It is USBM southern style on BAHIMIRON's second full-length release, "Southern Nihilizm". The act is another in a long line of evildoers from the Lone Star State that play a distinctly Texas style of dangerously hot black metal that offer one images of decomposing bodies baking in 105-degree temperatures, no doubt the victims of ritual sacrifice. Leaning toward the chaotic, marginally unconventional side of the black metal line, BAHIMIRON noticeably take their cues from the BEHERIT school of unsettling song structures that stink to high, um, heaven of putridity and iniquity. More often than not it works relatively well, though not always in an attention-grabbing sort of way.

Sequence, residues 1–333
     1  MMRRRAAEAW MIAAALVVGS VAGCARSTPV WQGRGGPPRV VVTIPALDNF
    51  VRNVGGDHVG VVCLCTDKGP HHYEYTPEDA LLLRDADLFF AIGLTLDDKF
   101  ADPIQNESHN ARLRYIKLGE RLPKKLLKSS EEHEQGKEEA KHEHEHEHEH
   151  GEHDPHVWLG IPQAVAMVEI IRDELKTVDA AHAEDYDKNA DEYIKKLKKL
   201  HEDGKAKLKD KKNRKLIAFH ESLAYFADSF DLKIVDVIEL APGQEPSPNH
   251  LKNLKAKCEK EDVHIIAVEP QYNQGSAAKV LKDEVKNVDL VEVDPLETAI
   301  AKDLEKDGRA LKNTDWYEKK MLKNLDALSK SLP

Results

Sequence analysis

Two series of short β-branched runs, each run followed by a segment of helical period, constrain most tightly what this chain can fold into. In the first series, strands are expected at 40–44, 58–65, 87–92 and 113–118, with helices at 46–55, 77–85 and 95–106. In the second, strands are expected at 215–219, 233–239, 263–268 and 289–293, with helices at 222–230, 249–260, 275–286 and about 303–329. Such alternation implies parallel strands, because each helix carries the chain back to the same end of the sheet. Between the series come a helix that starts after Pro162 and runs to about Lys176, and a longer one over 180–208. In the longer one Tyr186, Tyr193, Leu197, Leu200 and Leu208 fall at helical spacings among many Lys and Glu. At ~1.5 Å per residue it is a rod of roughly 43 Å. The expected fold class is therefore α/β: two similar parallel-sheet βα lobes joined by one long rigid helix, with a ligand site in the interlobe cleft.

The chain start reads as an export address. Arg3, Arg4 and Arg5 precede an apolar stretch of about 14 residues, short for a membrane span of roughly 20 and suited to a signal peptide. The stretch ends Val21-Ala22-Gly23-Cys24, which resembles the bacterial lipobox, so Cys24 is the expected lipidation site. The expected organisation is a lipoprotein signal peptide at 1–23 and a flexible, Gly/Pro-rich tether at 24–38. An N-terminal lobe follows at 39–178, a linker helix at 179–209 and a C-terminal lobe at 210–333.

"Southern Nihilizm" is one of those vibe albums geared toward folks seeking atmospheric balefulness and a calamitous drum/guitar attack with vocals that never settle into a pattern, but instead swirl around in a cacophonous manner. Fast the evening before, drink several cups of coffee, and then play the album and try to stand still for more than 15 seconds without grinding your teeth and muttering incomprehensible praises to Beelzebub. The quick-paced material, such as "A Shank in the Guts", does get the blood boiling, but is the steady-paced material like "Pillz and 90 Proof" that the act excels at putting a chill in the air, even at sizzling temperatures, by allowing the riff plenty of space in which to work.
The style heard on "Southern Nihilizm" can either invigorate by enhancing the dark trances of the chemically altered or grow tiring, even agitating, by the halfway point. Here again, it is all about the vibe and to that end BAHIMIRON succeeds. Not for the casual black metal listener.